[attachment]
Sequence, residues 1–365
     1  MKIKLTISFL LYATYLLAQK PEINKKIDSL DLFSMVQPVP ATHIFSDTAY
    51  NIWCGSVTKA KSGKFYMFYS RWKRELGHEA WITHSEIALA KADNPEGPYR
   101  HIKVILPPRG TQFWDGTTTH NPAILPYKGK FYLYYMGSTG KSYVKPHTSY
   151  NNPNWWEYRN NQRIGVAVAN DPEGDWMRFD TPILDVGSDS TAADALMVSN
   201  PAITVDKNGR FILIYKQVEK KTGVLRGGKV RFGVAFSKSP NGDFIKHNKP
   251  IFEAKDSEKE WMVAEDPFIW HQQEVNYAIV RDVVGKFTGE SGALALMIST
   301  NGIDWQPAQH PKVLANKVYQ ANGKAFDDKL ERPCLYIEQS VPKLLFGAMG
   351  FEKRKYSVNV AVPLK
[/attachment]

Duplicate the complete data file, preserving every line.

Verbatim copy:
Sequence, residues 1–365
     1  MKIKLTISFL LYATYLLAQK PEINKKIDSL DLFSMVQPVP ATHIFSDTAY
    51  NIWCGSVTKA KSGKFYMFYS RWKRELGHEA WITHSEIALA KADNPEGPYR
   101  HIKVILPPRG TQFWDGTTTH NPAILPYKGK FYLYYMGSTG KSYVKPHTSY
   151  NNPNWWEYRN NQRIGVAVAN DPEGDWMRFD TPILDVGSDS TAADALMVSN
   201  PAITVDKNGR FILIYKQVEK KTGVLRGGKV RFGVAFSKSP NGDFIKHNKP
   251  IFEAKDSEKE WMVAEDPFIW HQQEVNYAIV RDVVGKFTGE SGALALMIST
   301  NGIDWQPAQH PKVLANKVYQ ANGKAFDDKL ERPCLYIEQS VPKLLFGAMG
   351  FEKRKYSVNV AVPLK